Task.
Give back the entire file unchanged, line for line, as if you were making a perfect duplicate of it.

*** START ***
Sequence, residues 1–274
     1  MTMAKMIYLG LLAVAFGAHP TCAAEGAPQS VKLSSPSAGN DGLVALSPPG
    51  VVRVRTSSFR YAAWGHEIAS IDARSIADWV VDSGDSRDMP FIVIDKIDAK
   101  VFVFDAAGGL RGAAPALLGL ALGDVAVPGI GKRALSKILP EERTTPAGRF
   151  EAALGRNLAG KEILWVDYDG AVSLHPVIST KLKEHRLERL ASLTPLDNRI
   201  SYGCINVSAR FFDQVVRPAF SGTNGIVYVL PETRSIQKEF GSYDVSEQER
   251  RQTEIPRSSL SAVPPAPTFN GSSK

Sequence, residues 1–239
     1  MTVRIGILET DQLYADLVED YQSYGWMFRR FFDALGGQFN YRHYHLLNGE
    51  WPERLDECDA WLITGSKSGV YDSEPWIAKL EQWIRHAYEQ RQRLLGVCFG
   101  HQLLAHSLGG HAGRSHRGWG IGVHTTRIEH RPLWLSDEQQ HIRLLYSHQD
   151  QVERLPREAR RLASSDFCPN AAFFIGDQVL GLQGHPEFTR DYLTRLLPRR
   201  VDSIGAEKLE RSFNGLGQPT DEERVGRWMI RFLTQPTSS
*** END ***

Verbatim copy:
Sequence, residues 1–274
     1  MTMAKMIYLG LLAVAFGAHP TCAAEGAPQS VKLSSPSAGN DGLVALSPPG
    51  VVRVRTSSFR YAAWGHEIAS IDARSIADWV VDSGDSRDMP FIVIDKIDAK
   101  VFVFDAAGGL RGAAPALLGL ALGDVAVPGI GKRALSKILP EERTTPAGRF
   151  EAALGRNLAG KEILWVDYDG AVSLHPVIST KLKEHRLERL ASLTPLDNRI
   201  SYGCINVSAR FFDQVVRPAF SGTNGIVYVL PETRSIQKEF GSYDVSEQER
   251  RQTEIPRSSL SAVPPAPTFN GSSK

Sequence, residues 1–239
     1  MTVRIGILET DQLYADLVED YQSYGWMFRR FFDALGGQFN YRHYHLLNGE
    51  WPERLDECDA WLITGSKSGV YDSEPWIAKL EQWIRHAYEQ RQRLLGVCFG
   101  HQLLAHSLGG HAGRSHRGWG IGVHTTRIEH RPLWLSDEQQ HIRLLYSHQD
   151  QVERLPREAR RLASSDFCPN AAFFIGDQVL GLQGHPEFTR DYLTRLLPRR
   201  VDSIGAEKLE RSFNGLGQPT DEERVGRWMI RFLTQPTSS